Preparing your space means preparing your bathroom and your workspace. The two may not be the same space if you have a small bathroom. You may need to paint the doors elsewhere, such as in your living room, garage, or backyard.

Prepare your bathroom by removing all items from your bathroom vanity and inside your bathroom cabinet. You can store them safely by temporarily placing them in one or two laundry baskets. You should also remove any freestanding items around the vanity, such as plants, trash cans, toilet brushes, baskets, and magazine racks.

Prepare your workspace by moving everything aside that you don’t want accidentally splattered with paint. If you are painting in your living room, move the furniture aside and roll up your rug. If you are painting in your garage, you might want to cover your car with a tarp.

Remove Knobs, Handles, and Drawer Pulls

Whether you want to reuse the same handles, knobs, or drawer pulls on your soon-to-be-painted cabinet doors and drawers, you need to remove them before you start painting. While you have them taken off, you can polish or spray the hardware to give them new life. If you are replacing the hardware elsewhere in your bathroom, it might make sense to replace your knobs, handles, and drawer pulls with something matching.

Remove Cabinet Doors and Hinges

Some like to take a risk by painting their cabinets with the doors still on, but it’s best to remove the cabinet doors and lay them flat to paint both sides. This method will give you a smoother finish. Although some cabinet hinges are not visible when the cabinets are closed, you still need to remove them from both the cabinet and the doors. This will allow you to cover those areas adequately and prevent any paint from getting on the hinges.

Protect Your Walls and Floors with Painter’s Tape

Even though it may take a little more time, it’s worth it to tape off parts of your bathroom to prevent any paint from getting on them. It’s best to tape off any edge that meets your bathroom cabinet. These edges include the line where the vanity top meets the cabinet below and the floor and wall.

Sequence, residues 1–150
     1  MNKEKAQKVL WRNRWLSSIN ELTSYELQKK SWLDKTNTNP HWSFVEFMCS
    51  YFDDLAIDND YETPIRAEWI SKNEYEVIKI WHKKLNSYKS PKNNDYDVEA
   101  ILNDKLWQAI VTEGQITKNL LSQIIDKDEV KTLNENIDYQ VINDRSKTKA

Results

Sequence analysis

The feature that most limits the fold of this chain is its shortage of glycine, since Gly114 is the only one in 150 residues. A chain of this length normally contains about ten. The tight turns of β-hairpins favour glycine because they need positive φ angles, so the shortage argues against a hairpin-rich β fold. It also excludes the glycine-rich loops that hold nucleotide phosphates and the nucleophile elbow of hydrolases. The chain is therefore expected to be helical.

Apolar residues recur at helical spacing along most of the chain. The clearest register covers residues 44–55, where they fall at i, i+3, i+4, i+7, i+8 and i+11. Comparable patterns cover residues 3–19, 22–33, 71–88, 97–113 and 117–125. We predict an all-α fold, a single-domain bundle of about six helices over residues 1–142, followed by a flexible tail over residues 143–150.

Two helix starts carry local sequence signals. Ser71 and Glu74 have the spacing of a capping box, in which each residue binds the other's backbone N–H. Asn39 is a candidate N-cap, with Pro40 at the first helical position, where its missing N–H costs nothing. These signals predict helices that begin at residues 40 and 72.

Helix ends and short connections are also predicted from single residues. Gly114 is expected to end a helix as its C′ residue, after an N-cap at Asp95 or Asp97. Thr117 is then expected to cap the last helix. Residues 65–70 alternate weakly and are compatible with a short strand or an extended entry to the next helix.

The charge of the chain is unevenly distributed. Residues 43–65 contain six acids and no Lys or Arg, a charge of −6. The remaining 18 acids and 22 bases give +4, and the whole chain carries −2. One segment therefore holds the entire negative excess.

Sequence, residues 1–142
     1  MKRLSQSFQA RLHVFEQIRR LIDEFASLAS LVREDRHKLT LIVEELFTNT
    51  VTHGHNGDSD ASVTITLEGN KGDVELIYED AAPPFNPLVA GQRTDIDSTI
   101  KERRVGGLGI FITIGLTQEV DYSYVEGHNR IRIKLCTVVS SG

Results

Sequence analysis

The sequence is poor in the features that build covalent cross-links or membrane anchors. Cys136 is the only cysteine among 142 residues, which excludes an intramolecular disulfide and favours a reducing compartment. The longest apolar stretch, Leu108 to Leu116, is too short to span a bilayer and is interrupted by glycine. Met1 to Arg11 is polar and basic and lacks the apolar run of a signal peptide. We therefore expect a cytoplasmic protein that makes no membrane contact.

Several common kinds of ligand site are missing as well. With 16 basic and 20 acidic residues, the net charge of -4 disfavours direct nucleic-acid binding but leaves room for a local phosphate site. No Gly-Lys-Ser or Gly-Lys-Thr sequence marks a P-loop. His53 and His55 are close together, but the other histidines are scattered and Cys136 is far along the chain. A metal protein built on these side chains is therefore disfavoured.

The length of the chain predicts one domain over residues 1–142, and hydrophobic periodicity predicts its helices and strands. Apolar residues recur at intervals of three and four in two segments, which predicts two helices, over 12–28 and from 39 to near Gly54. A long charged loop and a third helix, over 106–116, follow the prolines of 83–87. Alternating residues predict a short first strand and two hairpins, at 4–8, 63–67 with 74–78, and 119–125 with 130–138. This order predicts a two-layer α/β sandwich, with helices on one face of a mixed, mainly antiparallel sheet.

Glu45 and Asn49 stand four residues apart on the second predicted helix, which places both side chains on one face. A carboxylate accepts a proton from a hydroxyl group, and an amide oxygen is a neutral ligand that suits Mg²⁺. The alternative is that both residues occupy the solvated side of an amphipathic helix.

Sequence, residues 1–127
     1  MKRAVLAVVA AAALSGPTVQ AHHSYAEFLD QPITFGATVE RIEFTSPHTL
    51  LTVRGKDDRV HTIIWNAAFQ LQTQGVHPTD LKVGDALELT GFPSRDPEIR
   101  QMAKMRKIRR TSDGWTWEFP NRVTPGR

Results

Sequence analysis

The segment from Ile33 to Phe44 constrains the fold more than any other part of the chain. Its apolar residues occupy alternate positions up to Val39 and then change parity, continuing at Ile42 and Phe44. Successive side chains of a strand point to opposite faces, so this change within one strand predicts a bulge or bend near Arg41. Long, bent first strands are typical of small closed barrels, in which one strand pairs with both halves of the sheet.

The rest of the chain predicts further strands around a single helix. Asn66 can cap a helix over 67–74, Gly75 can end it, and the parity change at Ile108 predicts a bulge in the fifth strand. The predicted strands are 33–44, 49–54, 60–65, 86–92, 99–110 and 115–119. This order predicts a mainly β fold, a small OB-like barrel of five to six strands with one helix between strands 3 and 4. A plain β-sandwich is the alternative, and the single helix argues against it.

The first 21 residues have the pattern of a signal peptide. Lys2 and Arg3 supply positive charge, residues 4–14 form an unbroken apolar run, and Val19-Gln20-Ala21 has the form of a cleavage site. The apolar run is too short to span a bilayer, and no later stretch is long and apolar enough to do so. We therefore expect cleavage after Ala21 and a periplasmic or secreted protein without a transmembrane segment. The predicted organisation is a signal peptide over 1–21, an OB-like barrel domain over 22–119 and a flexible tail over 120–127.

Cover Your Floor

Even if you are the neatest painter ever, it would still be wise to cover your entire floor with drop cloths. Accidents happen. You could easily step on a paint drip and track it through your room and beyond. Do the same with your workspace even if it’s in the garage or backyard. It only takes a few moments to lay down drop cloths, but paint drips and splatters on grass or concrete will last much longer.

How to Prepare Your Cabinets Without Sanding

Sanding inside is a messy business. If you could bring your vanity outside to your backyard, garage, or workshop, that would be better, but not everyone has the space and strength for that. In this section, we’ll take a look at a clever and effective workaround option.

If you watch this DIY home improvement project from start to finish, you can gain the confidence you need to tackle it yourself. This homeowner shows you how she paints her bathroom cabinet in her living room. Watch this video to see what tips and tricks she has to share:

Clean Your Bathroom Cabinet

Before moving forward, you need to thoroughly clean your bathroom cabinet inside and out. Even if you don’t plan on painting the interior, it’s still a good idea to make sure all surfaces are free from dirt, grime, and grease. The best industrial cleaner is trisodium phosphate. As a cleaning agent, this chemical can be aggressive and irritating to your skin. You should definitely wear gloves to protect your hands when cleaning with such chemicals.

If you’re looking for a safer alternative to trisodium phosphate, you might consider this highly rated industrial cleaner called Simple Green Industrial Cleaner and Degreaser. This cleaner is rated 4.8 out of 5 possible stars based on 1,071 customer reviews. This non-toxic product from Simple Green is both a cleaner and degreaser with a very mild pH and contains no petroleum products.

Depending on the material your bathroom cabinet is made of, you may want to use minimal amounts of liquid when cleaning. Remember that particleboard is particularly susceptible to water damage. If you have thoroughly cleaned your bathroom cabinet with chemicals and want to go over the surface with clean water, then make sure to clean it with a clean, dry cloth to remove as much water as possible. This rule applies to particleboard, MDF, plywood, or solid wood.

Use a Deglosser Instead of Sandpaper